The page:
Girlhood in a Dollhouse

After reading the Keywords Essays on “Girlhood” and “Gender”, there were a lot of things floating around in my mind regarding gender roles, expectations of girls, and the general upbringing of children. I came across the song “Dollhouse” by Melanie Martinez and I thought her lyrics (you can also play the song through this link) hit all these aspects of the expectations of gender and girlhood head-on. The beginning of the song depicts how men, in a sense, can act more freely than women can, and women don’t have a say in their actions because they are inferior. It plays out a girl trying to tell her mom that her dad’s fooling around and then goes to say “nobody ever listens”, which is a trend we’ve also seen in many of the books we have read. For example, The Little House on the Prairie has several instances which suggest a child is to “be seen and not heard” which is how I interpreted that lyric.

“places, places, get in your places, throw on your dress and put on your doll faces”

This lyric stood out to me a lot because it really shows how girls are expected to wear dresses, and act a certain way, especially in front of others. It also suggests that girls don’t have much freedom to be their own person, and they have to conform to the “gender roles” at such a young age. The lyric “I see things nobody else sees” suggests that children’s views don’t really matter and are in a sense disregarded. The little girl needs to act clueless even though she knows what’s going on, and when people come around she has to “go back to being plastic”. This song as a whole is comparing a girl’s childhood to a dollhouse. This metaphor implies that children are expected to act “plastic” and are controlled as if they are dolls living in a dollhouse.

Not only does the song reference a girl’s childhood, it also references gender roles by telling the story of a mother who is married to a man having an affair, but still has to put on a smiling face and pretend to be “perfect”. It describes that people are blinded by the act and “When you turn your back she pulls out a flask and forgets his infidelity”.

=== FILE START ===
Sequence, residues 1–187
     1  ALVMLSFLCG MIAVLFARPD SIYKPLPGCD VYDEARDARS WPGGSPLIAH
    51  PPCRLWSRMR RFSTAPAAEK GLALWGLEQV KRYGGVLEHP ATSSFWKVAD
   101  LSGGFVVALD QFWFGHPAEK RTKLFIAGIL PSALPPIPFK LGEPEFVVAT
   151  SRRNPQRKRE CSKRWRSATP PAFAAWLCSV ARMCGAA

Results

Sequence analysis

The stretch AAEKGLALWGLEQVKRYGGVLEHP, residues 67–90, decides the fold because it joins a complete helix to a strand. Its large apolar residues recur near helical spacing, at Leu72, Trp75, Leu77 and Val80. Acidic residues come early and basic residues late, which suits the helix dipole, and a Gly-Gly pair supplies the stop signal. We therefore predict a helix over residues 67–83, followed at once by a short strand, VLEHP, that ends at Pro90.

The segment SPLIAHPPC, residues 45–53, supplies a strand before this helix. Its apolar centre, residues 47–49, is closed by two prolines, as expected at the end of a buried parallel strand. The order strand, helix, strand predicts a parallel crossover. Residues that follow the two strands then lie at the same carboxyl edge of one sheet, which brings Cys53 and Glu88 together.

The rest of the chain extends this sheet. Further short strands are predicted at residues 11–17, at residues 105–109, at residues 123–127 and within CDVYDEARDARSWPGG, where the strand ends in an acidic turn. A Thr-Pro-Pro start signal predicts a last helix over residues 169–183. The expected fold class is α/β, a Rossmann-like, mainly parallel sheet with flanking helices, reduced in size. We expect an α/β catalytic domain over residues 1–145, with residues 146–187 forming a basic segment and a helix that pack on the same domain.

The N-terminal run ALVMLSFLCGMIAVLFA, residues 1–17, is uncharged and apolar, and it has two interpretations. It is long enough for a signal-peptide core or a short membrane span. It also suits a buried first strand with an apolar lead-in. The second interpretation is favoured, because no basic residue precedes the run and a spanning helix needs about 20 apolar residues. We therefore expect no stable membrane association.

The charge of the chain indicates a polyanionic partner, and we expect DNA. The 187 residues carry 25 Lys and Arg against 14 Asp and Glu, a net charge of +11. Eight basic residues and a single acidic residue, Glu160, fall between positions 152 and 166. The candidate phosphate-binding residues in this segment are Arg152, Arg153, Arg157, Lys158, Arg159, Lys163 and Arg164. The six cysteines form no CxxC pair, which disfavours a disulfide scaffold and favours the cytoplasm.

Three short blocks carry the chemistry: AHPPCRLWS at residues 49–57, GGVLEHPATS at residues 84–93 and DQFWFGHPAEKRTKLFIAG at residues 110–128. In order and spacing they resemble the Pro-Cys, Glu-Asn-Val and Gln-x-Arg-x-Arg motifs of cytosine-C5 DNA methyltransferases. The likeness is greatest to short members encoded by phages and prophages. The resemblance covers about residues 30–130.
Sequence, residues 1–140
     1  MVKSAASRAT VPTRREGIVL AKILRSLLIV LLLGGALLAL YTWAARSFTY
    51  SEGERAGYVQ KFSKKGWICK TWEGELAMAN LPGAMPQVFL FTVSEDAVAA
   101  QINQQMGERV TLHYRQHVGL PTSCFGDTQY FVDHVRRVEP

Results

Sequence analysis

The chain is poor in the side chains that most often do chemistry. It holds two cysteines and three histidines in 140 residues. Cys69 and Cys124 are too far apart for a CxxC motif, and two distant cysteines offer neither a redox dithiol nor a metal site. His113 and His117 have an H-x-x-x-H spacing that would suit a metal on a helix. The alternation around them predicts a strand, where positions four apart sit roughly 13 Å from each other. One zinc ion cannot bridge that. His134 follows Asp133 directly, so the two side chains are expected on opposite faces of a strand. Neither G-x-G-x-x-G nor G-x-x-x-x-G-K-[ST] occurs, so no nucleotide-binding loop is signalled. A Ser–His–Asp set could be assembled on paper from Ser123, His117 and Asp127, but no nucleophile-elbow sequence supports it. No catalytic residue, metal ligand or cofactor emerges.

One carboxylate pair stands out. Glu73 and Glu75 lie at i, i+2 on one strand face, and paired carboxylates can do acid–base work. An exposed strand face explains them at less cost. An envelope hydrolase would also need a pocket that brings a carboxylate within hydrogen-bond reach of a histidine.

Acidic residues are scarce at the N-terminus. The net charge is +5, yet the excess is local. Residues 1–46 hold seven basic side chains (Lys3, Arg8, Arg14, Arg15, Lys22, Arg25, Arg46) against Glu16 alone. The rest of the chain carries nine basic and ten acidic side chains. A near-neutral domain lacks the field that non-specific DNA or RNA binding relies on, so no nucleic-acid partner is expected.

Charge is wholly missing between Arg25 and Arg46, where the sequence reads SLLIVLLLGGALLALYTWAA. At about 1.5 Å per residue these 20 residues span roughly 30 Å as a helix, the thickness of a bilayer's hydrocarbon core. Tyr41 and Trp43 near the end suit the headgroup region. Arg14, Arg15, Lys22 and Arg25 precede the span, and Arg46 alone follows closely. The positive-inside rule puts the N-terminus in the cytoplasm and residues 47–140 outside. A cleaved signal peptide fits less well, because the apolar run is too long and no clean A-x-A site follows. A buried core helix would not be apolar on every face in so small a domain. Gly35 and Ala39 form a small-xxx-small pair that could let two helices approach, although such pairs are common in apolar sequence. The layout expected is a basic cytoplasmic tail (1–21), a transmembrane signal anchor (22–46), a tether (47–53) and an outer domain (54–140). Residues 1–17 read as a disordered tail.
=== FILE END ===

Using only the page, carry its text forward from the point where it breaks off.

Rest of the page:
I think this song displays a strong connection to the keywords “girlhood” and “gender” because it portrays girls/women as being weak and treated as inferior to men. It also refers to the expectations of children we’ve seen in several of the novels we have read and discussed thus far in class.


2 thoughts on “Girlhood in a Dollhouse”

  1. I love music so I thought this was a really awesome idea for a blog post!! The lyric verse you picked out about putting on your doll faces really reminded me of the incident with Meg in Little Women when she goes to the party with her friend and they decide to do her up as if she were a doll. I think this goes back to the idea that gender if very performative and I think that woman have more pressure to perform with outward appearance than men do. When Meg does get all dressed up and others view her as a doll, or merely an object, they start to treat her that way as well which is extremely problematic. In this seen, by dressing up Meg is being dehumanized.

  2. I really like this post because the song you have chosen really does represent the expectations for women and girls in a different light than the way we have discussed them in class. I hadn’t really thought about the different ways that expectations actually affect girls and women in our contemporary society. I find the quote, “When you turn your back she pulls out a flask and forgets his infidelity,” particularly intriguing because it shows that the mother is acting improper behind closed doors, but nobody would ever know about any of her troubles because she puts on a pretty face in public.

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